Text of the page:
by Juhi Singhal Karan
There’s something enduring about words that have been inked onto paper by someone for another. These missives have the capacity to reach across space and time and touch lives that have nothing to do with the writer or the intended reader. Here we bring to you five such missives, five “letters of note” by bloomers.
Raymond Chandler: God damn it, I split it so it will stay split
Raymond Chandler, whose “ideas of what constitute[d] good writing [became] increasingly rebellious,” once wrote in a letter to his publisher that he very well knew the difference between “a vernacular style and . . . an illiterate or faux naïf style.” Just a year earlier he had asked his editor at The Atlantic Monthly to give the following message to his proofreader:
By the way, would you convey my compliments to the purist who reads your proofs and tell him or her that I write in a sort of broken-down patois which is something like the way a Swiss waiter talks, and that when I split an infinitive, God damn it, I split it so it will stay split, and when I interrupt the velvety smoothness of my more or less literate syntax with a few sudden words of barroom vernacular, this is done with the eyes wide open and the mind relaxed but attentive. The method may not be perfect, but it is all I have. I think your proofreader is kindly attempting to steady me on my feet, but much as I appreciate the solicitude, I am really able to steer a fairly clear course, provided I get both sidewalks and the street between.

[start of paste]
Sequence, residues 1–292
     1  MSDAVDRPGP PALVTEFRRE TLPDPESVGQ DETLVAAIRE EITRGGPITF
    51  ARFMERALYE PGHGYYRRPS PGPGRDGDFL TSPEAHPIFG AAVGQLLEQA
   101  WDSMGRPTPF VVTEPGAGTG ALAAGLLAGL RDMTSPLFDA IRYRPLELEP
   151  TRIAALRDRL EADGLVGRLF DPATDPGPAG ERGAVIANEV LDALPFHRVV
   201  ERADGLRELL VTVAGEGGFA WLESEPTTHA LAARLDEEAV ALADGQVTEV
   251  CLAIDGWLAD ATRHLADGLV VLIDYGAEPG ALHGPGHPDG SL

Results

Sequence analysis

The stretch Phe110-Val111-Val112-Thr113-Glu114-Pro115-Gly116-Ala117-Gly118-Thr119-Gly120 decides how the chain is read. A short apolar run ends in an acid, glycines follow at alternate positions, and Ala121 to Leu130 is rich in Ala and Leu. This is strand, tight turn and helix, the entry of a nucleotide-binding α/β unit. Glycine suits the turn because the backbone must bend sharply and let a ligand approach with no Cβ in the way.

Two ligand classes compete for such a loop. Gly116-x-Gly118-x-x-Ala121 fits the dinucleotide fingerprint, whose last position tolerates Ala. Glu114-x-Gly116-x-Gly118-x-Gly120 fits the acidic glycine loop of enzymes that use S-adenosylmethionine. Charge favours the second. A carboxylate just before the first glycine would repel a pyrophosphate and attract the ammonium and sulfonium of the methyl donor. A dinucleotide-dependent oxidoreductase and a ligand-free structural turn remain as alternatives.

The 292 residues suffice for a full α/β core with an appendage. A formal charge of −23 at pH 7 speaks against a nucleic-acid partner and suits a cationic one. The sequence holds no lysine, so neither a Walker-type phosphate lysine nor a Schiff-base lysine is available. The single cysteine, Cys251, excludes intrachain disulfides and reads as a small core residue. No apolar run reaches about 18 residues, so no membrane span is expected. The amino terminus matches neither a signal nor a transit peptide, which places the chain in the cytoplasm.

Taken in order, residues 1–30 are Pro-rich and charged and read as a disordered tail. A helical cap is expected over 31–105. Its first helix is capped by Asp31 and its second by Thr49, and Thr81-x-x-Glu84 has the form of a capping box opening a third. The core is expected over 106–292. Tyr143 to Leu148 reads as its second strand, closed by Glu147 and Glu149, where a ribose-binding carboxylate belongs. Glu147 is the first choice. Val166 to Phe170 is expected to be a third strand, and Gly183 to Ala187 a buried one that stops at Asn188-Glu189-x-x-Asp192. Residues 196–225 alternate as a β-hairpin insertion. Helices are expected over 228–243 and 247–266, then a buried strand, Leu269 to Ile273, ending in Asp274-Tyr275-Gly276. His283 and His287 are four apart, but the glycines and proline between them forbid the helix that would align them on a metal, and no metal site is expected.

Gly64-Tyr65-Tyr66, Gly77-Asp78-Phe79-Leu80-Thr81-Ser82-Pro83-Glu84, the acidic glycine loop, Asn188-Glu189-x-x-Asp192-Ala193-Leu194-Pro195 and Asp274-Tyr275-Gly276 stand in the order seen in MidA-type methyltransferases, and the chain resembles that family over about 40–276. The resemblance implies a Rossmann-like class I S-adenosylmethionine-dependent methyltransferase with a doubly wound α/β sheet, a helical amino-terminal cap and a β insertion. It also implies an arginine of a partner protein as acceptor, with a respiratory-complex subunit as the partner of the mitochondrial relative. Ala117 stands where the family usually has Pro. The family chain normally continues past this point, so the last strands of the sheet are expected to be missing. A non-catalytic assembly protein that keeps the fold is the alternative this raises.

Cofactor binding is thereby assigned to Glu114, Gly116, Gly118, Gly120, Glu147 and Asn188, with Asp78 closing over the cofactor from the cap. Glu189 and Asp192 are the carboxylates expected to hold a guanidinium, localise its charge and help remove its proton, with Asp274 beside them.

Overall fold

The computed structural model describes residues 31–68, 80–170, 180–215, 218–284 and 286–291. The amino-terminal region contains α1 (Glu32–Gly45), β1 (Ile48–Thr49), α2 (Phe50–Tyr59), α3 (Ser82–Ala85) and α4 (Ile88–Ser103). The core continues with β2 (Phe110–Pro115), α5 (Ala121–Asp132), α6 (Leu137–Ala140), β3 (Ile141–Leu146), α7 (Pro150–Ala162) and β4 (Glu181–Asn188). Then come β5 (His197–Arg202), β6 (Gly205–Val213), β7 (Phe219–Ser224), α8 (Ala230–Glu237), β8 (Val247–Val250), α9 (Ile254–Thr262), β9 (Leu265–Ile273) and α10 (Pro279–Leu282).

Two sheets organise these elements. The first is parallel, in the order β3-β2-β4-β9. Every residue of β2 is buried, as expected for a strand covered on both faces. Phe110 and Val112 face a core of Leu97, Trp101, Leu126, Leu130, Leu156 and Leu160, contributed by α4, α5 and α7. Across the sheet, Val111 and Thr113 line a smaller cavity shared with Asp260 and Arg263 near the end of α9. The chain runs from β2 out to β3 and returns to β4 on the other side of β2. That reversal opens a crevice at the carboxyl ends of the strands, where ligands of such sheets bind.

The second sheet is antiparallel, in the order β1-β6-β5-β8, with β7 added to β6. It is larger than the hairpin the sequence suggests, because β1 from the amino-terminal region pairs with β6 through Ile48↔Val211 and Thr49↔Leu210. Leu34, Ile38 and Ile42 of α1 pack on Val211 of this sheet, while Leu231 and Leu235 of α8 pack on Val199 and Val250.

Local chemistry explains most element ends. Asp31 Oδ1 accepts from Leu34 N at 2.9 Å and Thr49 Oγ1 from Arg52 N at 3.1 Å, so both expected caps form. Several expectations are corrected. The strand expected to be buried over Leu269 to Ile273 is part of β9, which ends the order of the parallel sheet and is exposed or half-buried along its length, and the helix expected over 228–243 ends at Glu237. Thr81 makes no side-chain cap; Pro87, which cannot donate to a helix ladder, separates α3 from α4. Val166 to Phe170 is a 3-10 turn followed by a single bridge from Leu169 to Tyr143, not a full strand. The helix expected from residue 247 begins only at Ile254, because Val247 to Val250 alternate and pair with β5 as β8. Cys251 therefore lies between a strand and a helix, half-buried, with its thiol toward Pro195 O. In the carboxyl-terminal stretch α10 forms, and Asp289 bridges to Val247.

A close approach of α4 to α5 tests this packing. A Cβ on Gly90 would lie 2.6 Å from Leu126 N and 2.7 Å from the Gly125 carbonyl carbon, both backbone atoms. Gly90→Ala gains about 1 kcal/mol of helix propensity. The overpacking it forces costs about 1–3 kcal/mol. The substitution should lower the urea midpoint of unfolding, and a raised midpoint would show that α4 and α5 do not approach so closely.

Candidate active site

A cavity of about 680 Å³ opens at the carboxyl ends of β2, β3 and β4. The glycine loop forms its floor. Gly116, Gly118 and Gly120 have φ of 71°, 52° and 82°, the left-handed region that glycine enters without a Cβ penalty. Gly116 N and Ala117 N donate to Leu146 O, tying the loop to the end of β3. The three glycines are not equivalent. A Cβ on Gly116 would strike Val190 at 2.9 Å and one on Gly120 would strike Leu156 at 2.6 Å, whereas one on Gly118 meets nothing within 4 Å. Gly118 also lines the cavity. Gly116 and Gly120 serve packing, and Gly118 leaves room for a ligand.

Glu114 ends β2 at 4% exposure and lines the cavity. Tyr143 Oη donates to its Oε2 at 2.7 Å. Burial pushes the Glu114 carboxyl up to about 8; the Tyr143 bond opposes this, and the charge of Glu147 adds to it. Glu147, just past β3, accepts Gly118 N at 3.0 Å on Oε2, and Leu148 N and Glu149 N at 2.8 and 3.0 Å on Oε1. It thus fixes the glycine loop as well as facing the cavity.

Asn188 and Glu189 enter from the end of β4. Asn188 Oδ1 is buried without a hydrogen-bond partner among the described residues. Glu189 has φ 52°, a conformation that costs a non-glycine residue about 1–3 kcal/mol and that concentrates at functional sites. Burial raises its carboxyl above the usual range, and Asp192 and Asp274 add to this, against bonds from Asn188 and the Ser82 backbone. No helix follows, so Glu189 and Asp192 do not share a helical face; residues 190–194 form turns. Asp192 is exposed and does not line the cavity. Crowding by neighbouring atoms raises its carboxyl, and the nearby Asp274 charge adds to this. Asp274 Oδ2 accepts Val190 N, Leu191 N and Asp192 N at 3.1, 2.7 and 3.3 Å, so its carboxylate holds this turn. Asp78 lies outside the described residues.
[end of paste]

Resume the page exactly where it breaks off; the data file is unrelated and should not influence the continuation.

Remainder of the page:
Sherwood Anderson: His heart is not in his work
For the longest time Sherwood Anderson’s day job was in advertising. Till one day. He decided that enough was enough and wrote a letter of resignation, firing himself:
You have a man in your employ that I have thought for a long time should be fired. I refer to Sherwood Anderson. He is a fellow of a good deal of ability, but for a long time I have been convinced that his heart is not in his work.
There is no question but that this man Anderson has in some ways been an ornament to our organization. His hair, for one thing, being long and messy gives an artistic carelessness to his personal appearance that somewhat impresses such men as Frank Lloyd Wright and Mr. Curtiniez of Kalamazoo when they come into the office.